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The Returns to Seniority in France (and Why are They Lower than in the United States ?)

  • Magali Beffy

    (Crest)

  • Moshe Buchinsky

    (Crest)

  • Denis Fougère

    (Crest)

  • Thierry Kamionka

    (Crest)

  • Francis Kramarz

    (Crest)

We estimate a model of the joint participation and mobility along with the individuals’wage formation in France. Our model makes it possible to distinguish between unobservedperson heterogeneity and state-dependence. We estimate the model using state of the artbayesian methods employing a long panel (1976-1995) for France. Our results clearly showthat returns to seniority are small, and for some education groups are close to zero. Thespecification here is the same as that used in Buchinsky, Foug`ere, Kramarz and Tchernis(2002), where the returns to seniority were found to be quite large. This result also holdswhen using the method employed by Altonji andWilliams (1992) for both countries. It turnsout that differences between the two countries relate to firm-to-firm mobility. Using a modelof Burdett and Coles (2003), we explain the rationale for this phenomenon. Specifically, ina low-mobility country such as France, there is little gain in compensating workers for longtenures because they tend to stay in the firm for most, if not all, of their career. This is trueeven in cases where individuals clearly posses susbtantial amount of firm-specific humancapital. In contrast, for a high-mobility country such as the United States, high returns toseniority have a clear incentive effect, and firms are induced to pay the premium associatedwith firm-specific human capital to avoid losing their most productive workers.

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Paper provided by Centre de Recherche en Economie et Statistique in its series Working Papers with number 2006-05.

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Length: 53
Date of creation: 2006
Date of revision:
Handle: RePEc:crs:wpaper:2006-05
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  1. Lee A. Lillard & Robert J. Willis, 1976. "Dynamic Aspects of Earnings Mobility," NBER Working Papers 0150, National Bureau of Economic Research, Inc.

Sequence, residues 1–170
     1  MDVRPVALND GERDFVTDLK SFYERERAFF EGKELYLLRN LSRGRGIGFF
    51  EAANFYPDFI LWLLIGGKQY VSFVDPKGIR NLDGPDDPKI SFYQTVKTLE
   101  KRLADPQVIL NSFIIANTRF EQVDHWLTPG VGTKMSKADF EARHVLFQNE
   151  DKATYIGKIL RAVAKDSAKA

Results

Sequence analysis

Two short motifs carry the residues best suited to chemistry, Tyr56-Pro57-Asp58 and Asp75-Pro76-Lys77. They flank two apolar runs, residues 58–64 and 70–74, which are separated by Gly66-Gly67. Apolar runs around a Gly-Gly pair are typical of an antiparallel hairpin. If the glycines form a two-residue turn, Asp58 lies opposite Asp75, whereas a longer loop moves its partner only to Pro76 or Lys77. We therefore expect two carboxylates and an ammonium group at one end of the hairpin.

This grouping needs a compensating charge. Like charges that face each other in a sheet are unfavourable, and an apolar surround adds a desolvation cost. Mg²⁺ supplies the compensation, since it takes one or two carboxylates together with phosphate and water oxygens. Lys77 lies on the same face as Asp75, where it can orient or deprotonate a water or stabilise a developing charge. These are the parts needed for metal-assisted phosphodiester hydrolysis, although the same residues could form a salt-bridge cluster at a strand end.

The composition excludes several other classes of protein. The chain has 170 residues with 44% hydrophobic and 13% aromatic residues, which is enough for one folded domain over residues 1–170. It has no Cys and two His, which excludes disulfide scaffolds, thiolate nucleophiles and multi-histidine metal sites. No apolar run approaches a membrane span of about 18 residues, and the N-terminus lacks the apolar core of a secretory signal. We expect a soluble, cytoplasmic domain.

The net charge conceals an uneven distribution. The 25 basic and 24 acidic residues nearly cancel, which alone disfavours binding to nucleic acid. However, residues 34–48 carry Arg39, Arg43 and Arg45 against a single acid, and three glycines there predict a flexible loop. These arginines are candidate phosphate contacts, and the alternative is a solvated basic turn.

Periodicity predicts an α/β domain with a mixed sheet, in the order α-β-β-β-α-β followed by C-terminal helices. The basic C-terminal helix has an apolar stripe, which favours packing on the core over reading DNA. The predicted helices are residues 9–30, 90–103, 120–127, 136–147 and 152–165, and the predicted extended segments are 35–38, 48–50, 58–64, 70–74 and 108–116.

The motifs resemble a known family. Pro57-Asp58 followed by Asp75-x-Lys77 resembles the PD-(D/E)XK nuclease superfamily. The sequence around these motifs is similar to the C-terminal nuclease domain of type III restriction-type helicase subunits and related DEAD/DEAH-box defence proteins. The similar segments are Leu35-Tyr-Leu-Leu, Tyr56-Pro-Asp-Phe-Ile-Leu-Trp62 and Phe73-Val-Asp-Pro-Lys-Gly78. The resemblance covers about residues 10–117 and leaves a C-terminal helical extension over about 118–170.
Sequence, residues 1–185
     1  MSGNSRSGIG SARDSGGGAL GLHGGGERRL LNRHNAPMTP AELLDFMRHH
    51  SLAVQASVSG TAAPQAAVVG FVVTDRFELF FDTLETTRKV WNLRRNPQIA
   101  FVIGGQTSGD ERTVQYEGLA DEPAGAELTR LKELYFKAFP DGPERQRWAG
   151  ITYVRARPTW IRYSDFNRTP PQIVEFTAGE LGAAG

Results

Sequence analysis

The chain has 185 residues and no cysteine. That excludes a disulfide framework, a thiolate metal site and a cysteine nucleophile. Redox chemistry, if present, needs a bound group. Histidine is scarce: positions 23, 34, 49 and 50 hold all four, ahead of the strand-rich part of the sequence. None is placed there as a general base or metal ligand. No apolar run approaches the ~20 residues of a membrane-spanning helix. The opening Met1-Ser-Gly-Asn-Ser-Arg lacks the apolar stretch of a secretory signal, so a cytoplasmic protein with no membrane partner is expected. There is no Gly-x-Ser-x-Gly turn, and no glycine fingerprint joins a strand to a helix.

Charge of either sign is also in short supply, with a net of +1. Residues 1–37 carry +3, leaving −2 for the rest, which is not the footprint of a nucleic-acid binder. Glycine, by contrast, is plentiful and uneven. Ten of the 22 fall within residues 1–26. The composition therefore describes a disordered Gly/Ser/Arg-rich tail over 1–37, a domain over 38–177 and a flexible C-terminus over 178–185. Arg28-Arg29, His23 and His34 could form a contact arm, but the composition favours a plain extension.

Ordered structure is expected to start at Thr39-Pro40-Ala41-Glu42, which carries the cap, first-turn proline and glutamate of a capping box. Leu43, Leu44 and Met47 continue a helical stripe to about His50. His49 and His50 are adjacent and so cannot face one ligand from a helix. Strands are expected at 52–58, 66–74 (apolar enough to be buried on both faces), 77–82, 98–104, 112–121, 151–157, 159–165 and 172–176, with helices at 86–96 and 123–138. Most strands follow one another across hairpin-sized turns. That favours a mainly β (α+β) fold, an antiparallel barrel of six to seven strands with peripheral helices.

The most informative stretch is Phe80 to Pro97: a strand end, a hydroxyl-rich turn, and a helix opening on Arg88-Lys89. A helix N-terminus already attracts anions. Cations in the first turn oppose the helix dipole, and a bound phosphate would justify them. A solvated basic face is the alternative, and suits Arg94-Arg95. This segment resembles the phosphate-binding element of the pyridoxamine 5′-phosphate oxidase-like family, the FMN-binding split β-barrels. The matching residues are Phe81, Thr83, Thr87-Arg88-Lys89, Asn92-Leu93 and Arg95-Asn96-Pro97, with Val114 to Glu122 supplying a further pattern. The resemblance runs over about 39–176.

2. repec:inr:wpaper:155908 is not listed on IDEAS
  3. Abraham, Katharine G & Farber, Henry S, 1987. "Job Duration, Seniority, and Earnings," American Economic Review, American Economic Association, vol. 77(3), pages 278-97, June.
  4. Flinn, Christopher J, 1986. "Wages and Job Mobility of Young Workers," Journal of Political Economy, University of Chicago Press, vol. 94(3), pages S88-S110, June.
  5. Postel-Vinay, Fabien & Robin, Jean-Marc, 2002. "Equilibrium Wage Dispersion with Worker and Employer Heterogeneity," CEPR Discussion Papers 3548, C.E.P.R. Discussion Papers.
  6. John M. Abowd & Francis Kramarz & David N. Margolis, 1994. "High-Wage Workers and High-Wage Firms," CIRANO Working Papers 94s-23, CIRANO.
  7. Moshe Buchinsky & Denis Fougère & Francis Kramarz & Rusty Tchernis, 2008. "Interfirm Mobility, Wages, and the Returns to Seniority and Experience in the U.S," Caepr Working Papers 2008-006, Center for Applied Economics and Policy Research, Economics Department, Indiana University Bloomington.
  8. Joseph G. Altonji & Nicolas Williams, 1997. "Do Wages Rise with Job Seniority? A Reassessment," NBER Working Papers 6010, National Bureau of Economic Research, Inc.
  9. Miller, Robert A, 1984. "Job Matching and Occupational Choice," Journal of Political Economy, University of Chicago Press, vol. 92(6), pages 1086-120, December.
  10. Lazear, Edward P, 1981. "Agency, Earnings Profiles, Productivity, and Hours Restrictions," American Economic Review, American Economic Association, vol. 71(4), pages 606-20, September.
  11. Lazear, Edward P, 1979. "Why Is There Mandatory Retirement?," Journal of Political Economy, University of Chicago Press, vol. 87(6), pages 1261-84, December.
  12. Robert H. Topel, 1990. "Specific Capital, Mobility, and Wages: Wages Rise with Job Seniority," NBER Working Papers 3294, National Bureau of Economic Research, Inc.
  13. Altonji, Joseph G & Shakotko, Robert A, 1987. "Do Wages Rise with Job Seniority?," Review of Economic Studies, Wiley Blackwell, vol. 54(3), pages 437-59, July.
  14. Ken Burdett & Melvyn Coles, 2003. "Equilibrium Wage-Tenure Contracts," Econometrica, Econometric Society, vol. 71(5), pages 1377-1404, 09.
  15. Joseph G. Altonji & Nicolas Williams, 1992. "The Effects of Labor Market Experience, Job Seniority, and Job Mobility on Wage Growth," NBER Working Papers 4133, National Bureau of Economic Research, Inc.
  16. Salop, Joanne & Salop, Steven, 1976. "Self-Selection and Turnover in the Labor Market," The Quarterly Journal of Economics, MIT Press, vol. 90(4), pages 619-27, November.
  17. Jolivet, Gregory & Postel-Vinay, Fabien & Robin, Jean-Marc, 2006. "The empirical content of the job search model: Labor mobility and wage distributions in Europe and the US," European Economic Review, Elsevier, vol. 50(4), pages 877-907, May.
  18. Jacob Mincer, 1974. "Progress in Human Capital Analysis of the Distribution of Earnings," NBER Working Papers 0053, National Bureau of Economic Research, Inc.
  19. Jovanovic, Boyan, 1979. "Firm-specific Capital and Turnover," Journal of Political Economy, University of Chicago Press, vol. 87(6), pages 1246-60, December.
  20. Dean R. Hyslop, 1999. "State Dependence, Serial Correlation and Heterogeneity in Intertemporal Labor Force Participation of Married Women," Econometrica, Econometric Society, vol. 67(6), pages 1255-1294, November.
  21. Jovanovic, Boyan, 1984. "Matching, Turnover, and Unemployment," Journal of Political Economy, University of Chicago Press, vol. 92(1), pages 108-22, February.
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